Reader Comments

Noozhawk is no longer accepting reader comments on our articles. Click here for the announcement. Readers are instead invited to submit letters to the editor by emailing them to [email protected]. Please provide your full name and community, as well as contact information for verification purposes only.


Special Reports

Heroin Rising
<p>Lizette Correa shares a moment with her 9-month-old daughter, Layla, outside their Goleta home. Correa is about to graduate from Project Recovery, a program of the Santa Barbara Council on Alcoholism & Drug Abuse, and is determined to overcome her heroin addiction — for herself and for her daughter. “I look at her and I think ‘I need to be here for her and I need to show her an example, I don’t want her to see me and learn about drugs’,” she says.</p>

In Struggle to Get Clean, and Stay That Way, Young Mother Battles Heroin Addiction

Santa Barbara County sounds alarm as opiate drug use escalates, spreads into mainstream population
Safety Net Series
<p>Charles Condelos, a retired banker, regularly goes to the Santa Barbara Neighborhood Clinics for his primary care and to renew his prescription for back pain medication. He says Dr. Charles Fenzi, who was treating him that day at the Westside Clinic, and Dr. Susan Lawton are some of the best people he’s ever met.</p>

Safety Net: Patchwork of Clinics Struggles to Keep Santa Barbara County Healthy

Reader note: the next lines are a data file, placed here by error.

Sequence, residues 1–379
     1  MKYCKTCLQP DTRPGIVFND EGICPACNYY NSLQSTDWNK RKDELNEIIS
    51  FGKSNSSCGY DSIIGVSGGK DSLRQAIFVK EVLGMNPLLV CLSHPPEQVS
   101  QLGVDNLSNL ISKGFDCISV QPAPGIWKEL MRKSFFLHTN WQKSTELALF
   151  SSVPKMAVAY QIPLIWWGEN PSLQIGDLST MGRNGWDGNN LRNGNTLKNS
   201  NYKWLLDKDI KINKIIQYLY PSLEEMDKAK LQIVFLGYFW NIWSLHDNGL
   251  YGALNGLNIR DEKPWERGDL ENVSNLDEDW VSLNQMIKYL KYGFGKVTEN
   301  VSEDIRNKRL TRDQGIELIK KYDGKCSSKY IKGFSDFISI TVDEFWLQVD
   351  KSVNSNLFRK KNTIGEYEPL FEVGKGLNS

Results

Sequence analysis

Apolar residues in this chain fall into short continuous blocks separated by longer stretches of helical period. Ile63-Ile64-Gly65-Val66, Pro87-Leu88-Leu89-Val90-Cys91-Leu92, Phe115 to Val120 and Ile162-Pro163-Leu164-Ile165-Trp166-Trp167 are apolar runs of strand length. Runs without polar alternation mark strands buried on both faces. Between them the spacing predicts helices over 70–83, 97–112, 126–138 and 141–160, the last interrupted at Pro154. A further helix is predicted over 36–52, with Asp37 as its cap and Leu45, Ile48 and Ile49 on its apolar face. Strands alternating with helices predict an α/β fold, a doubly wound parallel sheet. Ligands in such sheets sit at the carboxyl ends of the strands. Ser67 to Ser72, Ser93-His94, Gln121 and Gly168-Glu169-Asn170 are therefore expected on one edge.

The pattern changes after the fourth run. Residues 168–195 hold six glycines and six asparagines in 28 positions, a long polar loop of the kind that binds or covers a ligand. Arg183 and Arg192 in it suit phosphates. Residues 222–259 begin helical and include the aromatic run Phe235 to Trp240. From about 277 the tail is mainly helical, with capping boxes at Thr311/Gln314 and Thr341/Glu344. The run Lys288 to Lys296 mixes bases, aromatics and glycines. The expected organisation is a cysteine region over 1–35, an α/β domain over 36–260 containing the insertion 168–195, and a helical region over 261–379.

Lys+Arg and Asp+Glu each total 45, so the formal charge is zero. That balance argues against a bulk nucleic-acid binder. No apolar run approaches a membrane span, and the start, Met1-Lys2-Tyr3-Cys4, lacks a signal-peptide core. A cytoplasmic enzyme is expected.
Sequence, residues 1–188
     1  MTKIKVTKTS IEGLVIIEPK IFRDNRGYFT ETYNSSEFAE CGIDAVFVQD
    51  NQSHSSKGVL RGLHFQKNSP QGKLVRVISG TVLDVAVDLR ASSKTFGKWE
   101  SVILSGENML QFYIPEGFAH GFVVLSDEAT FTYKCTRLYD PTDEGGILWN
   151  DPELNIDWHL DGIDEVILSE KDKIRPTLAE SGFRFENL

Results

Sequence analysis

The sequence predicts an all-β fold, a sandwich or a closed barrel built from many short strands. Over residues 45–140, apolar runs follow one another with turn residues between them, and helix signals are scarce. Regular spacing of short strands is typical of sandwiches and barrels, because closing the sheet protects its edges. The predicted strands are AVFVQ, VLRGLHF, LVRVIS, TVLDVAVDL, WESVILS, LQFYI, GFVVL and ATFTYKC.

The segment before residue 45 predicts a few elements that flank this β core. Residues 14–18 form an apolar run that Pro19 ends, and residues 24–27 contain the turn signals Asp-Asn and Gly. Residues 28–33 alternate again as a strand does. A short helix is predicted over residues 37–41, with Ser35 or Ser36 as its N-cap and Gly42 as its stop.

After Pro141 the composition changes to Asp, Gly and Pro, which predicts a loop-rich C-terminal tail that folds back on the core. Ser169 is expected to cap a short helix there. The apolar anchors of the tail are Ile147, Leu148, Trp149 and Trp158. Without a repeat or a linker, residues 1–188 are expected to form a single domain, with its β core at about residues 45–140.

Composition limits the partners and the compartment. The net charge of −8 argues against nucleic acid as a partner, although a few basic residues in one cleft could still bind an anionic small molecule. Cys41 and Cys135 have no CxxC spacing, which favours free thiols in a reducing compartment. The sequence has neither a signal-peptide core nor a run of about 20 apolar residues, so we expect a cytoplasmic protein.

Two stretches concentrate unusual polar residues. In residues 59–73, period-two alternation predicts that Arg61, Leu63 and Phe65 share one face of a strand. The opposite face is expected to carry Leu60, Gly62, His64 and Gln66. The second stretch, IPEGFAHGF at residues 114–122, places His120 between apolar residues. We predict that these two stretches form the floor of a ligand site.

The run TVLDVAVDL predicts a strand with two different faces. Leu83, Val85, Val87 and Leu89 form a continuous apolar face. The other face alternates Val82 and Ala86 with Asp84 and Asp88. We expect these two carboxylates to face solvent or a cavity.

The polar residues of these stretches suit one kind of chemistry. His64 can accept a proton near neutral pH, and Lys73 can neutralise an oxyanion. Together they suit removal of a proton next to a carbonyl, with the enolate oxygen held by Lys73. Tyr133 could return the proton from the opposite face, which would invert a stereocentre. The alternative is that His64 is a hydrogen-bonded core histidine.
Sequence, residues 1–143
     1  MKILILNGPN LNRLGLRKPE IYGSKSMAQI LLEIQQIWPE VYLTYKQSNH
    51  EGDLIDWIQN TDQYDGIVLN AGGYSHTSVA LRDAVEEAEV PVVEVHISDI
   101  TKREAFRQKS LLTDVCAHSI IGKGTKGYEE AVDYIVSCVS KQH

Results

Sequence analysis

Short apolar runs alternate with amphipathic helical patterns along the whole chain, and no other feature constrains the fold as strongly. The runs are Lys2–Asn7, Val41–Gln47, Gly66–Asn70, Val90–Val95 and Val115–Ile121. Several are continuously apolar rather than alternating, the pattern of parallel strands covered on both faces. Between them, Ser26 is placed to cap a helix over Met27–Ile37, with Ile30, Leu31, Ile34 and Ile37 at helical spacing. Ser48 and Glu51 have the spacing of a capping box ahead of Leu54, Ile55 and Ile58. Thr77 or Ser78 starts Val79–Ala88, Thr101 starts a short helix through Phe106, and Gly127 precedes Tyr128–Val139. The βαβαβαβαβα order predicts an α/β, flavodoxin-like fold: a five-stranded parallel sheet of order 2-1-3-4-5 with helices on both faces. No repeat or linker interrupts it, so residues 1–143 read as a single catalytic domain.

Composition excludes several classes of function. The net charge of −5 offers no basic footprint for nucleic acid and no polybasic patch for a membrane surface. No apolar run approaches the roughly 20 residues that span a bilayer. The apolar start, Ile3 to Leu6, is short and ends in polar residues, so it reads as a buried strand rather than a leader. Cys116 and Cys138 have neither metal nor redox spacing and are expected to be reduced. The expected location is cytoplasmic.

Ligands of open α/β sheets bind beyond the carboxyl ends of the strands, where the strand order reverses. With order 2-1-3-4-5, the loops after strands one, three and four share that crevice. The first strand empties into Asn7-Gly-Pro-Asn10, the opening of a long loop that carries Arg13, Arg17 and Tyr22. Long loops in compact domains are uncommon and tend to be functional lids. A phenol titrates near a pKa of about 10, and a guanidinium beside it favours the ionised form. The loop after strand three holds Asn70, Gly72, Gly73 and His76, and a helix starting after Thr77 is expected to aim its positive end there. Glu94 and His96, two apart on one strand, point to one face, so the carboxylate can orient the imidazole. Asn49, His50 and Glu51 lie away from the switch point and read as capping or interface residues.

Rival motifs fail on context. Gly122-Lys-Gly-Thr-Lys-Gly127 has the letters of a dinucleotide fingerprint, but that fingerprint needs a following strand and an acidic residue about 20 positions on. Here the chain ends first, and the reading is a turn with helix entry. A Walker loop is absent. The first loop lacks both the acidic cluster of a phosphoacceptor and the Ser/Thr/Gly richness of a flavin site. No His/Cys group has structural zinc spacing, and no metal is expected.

Clinics that take all comers a lifeline for low-income patients, with new health-care law about to feed even more into overburdened system. First in a series
Prescription for Abuse
<p>American Medical Response emergency medical technicians arrive at Santa Barbara Cottage Hospital with little time to spare for victims of prescription drug overdoses.</p>

Quiet Epidemic of Prescription Drug Abuse Taking a Toll on Santa Barbara County

Evidence of addiction shows an alarming escalation, Noozhawk finds in Prescription for Abuse special report
Mental Health
<p>Rich Detty and his late wife knew something was wrong with their son, Cliff, but were repeatedly stymied in their attempts to get him help from the mental health system. Cliff Detty, 46, died in April while in restraints at Santa Barbara County’s Psychiatric Health Facility.</p>

While Son Struggled with Mental Illness, Father Fought His Own Battle

Cliff Detty's death reveals scope, limitations of seemingly impenetrable mental health system. First in a series